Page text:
I have had less than a weeks' worth of experience in dealing with other people's reactions to my miscarriage, but I already feel I could write a book about reclaiming tact in dealing with this subject. I must preface this by saying, I realize that most people just don't know what to say to someone who has suffered a miscarriage and their comments aren't meant to harm. Despite these good intentions, thoughtless comments DO harm, so there's still good reason to stop them from coming out of other's (and maybe our own) mouths.
As I reflect on these unintentional barbs that have been thrown my way, I recall that marvelous quote by Albus Dumbledore: "sadly, accidental rudeness occurs alarmingly often." If you or someone you know could benefit from this article, please share, so that accidental rudeness might spare a few more victims...
1) These things happen/ the body has ways of riding itself of not good pregnancies / it was probably because of a chromosomal abnormality: I appreciate that the medical reason for a lot of spontaneous abortions (i.e. miscarriages) is something medical, though possibly unknowable, especially at very early stages, like I was. Despite this, God is the author of life, so no, I don't think my body just sloughed off some dead cells and oh well, life goes on. No. Life begins at conception, that was my child, and he died; please don't talk about him like he is medical waste and we are in a Planned Parenthood clinic, where you're trying to make me feel better about my abortion. Would you ever say to the mother of a child who died of leukemia, "Sometimes this just happens, natural selection takes it's course and the weak must die..."? No, because that would be thoughtless and rude. The same applies here.
2) Well, look on the bright side - you CAN get pregnant! : I have heard this a lot, especially since Tom and I were so concerned we couldn't get pregnant or wouldn't be able to for years. Now, yes, this sentiment is another one that has a grain of truth - we are of course happy to know that our reproductive organs seem to be working properly enough that we can actually get pregnant. But this look-on-the-bright-side mantra tends to gloss over our grief, and the reason for it: we lost a child. Losing a child means that we should be able to mourn the loss. Religious people especially seem quick to hurry us on to joy, as if grief isn't a holy enough emotion, as if Jesus did not weep over the death of Lazarus (even though Jesus knew he was about to bloody resurrect him!). Yes, I can get pregnant, and in fact I did and my child died - if that makes you feel uncomfortable, just murmur a polite "I'm so sorry" and walk away; I promise I won't mind.
3) I'm sure you'll get pregnant again: Yes, and I'm sure that you DO know the future and that you would really like if it I told you after your grandfather died, "well, thank goodness, you've got another one!" You are not omniscient and children are not interchangeable. My fertility is not up to you, and if I should happen to never get pregnant again I'm sure you'd feel rather silly about your rose-colored promise. Likewise, and we're coming back to this point a lot!, when a miscarriage occurs a child has died. That child will never be replaced; they are gone, forever. Try to think of the unborn child as if they were born, or maybe even 8 years old or a grown person, and then try to say the same phrases to the parent: if it sounds stupid then, it still sounds stupid here.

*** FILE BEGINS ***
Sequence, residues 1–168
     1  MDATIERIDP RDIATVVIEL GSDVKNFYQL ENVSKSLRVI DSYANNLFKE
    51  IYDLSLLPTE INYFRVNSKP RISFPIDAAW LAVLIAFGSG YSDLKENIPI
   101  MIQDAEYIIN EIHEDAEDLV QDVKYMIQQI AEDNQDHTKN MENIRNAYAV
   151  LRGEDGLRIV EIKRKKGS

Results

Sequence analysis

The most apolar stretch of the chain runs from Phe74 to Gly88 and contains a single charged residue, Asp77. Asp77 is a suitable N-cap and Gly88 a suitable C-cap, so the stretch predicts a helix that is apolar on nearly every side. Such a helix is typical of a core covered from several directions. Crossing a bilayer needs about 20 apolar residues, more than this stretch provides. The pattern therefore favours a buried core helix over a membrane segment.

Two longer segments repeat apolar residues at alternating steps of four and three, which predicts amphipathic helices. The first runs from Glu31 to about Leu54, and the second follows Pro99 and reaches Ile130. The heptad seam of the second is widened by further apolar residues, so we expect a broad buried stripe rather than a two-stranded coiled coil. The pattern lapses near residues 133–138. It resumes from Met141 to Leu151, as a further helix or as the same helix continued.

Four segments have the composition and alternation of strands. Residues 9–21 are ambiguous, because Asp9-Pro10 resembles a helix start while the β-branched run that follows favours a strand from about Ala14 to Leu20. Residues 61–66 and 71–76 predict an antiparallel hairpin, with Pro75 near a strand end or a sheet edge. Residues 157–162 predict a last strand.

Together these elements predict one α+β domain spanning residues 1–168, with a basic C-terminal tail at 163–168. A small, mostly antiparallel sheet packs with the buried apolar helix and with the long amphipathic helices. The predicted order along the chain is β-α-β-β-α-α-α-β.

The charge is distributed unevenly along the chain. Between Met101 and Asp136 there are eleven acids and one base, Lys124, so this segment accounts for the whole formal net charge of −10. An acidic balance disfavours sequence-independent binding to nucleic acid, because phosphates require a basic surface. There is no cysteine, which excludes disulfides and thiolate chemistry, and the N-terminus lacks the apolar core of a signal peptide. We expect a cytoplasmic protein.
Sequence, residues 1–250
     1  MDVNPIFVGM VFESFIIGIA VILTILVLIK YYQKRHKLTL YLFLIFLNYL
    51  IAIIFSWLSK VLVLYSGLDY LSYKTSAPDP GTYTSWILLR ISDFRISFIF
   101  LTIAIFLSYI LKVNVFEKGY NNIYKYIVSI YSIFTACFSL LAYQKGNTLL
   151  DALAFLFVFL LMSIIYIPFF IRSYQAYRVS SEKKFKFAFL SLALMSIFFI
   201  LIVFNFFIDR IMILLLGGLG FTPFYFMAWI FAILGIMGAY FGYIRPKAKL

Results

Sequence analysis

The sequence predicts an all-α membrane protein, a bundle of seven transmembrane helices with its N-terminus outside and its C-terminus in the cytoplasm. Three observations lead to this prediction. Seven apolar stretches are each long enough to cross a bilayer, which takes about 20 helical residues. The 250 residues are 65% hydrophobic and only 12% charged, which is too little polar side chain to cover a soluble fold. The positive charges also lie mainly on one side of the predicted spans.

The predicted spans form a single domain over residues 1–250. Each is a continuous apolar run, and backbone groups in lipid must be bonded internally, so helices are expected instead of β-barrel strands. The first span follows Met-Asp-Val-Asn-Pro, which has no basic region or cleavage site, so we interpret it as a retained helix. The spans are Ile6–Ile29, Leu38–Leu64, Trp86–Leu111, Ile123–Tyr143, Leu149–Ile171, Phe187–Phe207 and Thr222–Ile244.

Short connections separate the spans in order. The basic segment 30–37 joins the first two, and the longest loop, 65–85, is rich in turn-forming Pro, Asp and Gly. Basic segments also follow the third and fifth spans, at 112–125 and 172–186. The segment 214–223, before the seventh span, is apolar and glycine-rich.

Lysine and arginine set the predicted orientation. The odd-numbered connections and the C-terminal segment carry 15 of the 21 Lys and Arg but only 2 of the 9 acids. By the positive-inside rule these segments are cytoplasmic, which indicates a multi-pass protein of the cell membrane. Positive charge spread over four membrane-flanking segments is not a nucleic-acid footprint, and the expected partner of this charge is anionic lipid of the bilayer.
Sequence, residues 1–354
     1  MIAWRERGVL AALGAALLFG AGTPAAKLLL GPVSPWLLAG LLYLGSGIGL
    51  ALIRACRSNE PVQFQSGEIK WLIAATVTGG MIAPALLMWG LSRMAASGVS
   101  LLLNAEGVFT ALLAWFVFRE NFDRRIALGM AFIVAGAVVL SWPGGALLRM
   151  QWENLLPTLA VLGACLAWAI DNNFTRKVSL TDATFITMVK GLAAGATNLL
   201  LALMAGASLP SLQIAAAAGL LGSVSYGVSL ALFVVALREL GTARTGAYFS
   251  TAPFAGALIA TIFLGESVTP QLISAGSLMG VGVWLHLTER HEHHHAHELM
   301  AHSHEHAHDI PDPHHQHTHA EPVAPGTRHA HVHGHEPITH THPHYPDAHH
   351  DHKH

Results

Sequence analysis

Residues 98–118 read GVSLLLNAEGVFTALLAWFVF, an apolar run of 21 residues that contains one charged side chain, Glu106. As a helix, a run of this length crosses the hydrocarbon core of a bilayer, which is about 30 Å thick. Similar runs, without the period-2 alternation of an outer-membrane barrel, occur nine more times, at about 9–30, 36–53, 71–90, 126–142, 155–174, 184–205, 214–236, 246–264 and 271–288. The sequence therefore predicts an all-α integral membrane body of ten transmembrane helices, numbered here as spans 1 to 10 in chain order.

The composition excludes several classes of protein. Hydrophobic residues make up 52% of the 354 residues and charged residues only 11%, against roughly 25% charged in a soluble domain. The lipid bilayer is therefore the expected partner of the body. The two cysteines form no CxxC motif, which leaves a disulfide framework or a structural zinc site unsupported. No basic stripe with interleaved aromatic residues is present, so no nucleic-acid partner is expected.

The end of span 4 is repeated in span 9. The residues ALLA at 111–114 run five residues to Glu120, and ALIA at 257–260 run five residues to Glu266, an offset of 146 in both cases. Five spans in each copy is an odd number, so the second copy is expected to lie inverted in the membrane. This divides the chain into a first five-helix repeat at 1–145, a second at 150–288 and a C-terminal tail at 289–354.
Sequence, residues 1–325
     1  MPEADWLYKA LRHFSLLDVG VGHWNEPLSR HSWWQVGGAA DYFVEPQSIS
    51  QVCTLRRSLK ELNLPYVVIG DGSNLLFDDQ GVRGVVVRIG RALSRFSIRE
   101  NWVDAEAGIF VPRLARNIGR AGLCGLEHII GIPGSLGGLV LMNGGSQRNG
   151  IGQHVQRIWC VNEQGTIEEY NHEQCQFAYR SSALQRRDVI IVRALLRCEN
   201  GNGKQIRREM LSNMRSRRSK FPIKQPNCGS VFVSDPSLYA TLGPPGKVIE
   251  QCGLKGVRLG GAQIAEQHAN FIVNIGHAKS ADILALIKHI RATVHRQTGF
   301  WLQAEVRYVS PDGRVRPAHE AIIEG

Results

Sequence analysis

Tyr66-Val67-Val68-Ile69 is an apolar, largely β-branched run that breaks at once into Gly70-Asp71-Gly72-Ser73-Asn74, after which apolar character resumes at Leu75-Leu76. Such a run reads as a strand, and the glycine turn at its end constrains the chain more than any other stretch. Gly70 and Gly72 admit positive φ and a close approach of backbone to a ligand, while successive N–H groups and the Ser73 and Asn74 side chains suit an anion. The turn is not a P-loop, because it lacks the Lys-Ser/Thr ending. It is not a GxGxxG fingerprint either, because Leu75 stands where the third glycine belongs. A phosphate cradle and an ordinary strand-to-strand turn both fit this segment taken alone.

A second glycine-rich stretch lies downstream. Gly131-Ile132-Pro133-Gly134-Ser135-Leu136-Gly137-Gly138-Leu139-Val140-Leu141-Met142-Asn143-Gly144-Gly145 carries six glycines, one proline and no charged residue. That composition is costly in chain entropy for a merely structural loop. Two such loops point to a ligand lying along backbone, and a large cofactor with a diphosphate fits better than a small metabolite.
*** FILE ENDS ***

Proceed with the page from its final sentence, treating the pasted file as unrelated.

4) Just try to put this out of your mind / forget about it: I know you're shocked when you read this one - nobody would actually argue for outright repression of grief would they? Well, yes actually, it happened to me before Christmas Mass. It came from a person I love dearly, but upon hearing our news she said, "just try to put this straight out of your mind - just forget about it!" And then went on to say some of the other horrible things listed above. I think some people are afraid of grief, of sorrow, of the horror of losing a child - and so they tell you to have reactions that would make them feel more comfortable. But again, if this person's grief makes you uncomfortable, then just say something polite and walk away - we really will understand.
5) Don't get too stressed - it'll prevent you from getting pregnant again! : This is part II of No. 4 above. The woman told me to forget about the miscarriage because the stress of it would prevent me from getting pregnant again. Marilyn Shannon in her excellent book "Fertility, Cycles, and Nutrition" addresses this misconception quite adequately, but I will summarize: my daily stress, unless it rises to the level of PTSD or medical shock, will not be adequate enough to make me stop ovulating, thankyouverymuch. Telling me to relax and not to think about the fact that I just lost a child will actually stress me out more, and maybe cause me to go into real shock from how many cotton headed ninny-muggins give out conceiving advice just because their wombs are hyperactive and they get pregnant when their spouse sneezes on them. I already got pregnant, I'm hopeful I can do it again, and even if I can't, pseudo-doctors with poor bedside manner are the last group of people I will seek out for reproductive help.
In summation, if you know someone who has suffered a miscarriage, the best thing to say is "I'm sorry for your loss." The parents know there are no words - they likely have none themselves - in the face of such a mountain of sorrow. To recognize that they are truly grieving a real loss, their child, and that you are sorry for them, is the greatest comfort. If you happen to be Christian, offering prayers is very kind, and if you are Catholic, offering up Masses and rosaries means very much. Otherwise, just offer your humanity, for when grief robs us of all our well meaning words, that is the only thing we have left.